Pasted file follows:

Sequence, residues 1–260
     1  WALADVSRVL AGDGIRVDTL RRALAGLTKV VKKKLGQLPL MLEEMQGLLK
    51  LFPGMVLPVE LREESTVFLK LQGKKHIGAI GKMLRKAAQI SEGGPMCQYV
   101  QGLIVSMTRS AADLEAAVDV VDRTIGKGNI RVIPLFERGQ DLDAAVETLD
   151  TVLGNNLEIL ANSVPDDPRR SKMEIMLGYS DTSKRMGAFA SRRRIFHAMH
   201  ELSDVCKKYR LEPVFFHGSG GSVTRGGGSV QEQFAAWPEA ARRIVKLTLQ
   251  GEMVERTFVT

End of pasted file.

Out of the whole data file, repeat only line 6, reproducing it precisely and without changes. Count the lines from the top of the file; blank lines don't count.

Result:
   201  ELSDVCKKYR LEPVFFHGSG GSVTRGGGSV QEQFAAWPEA ARRIVKLTLQ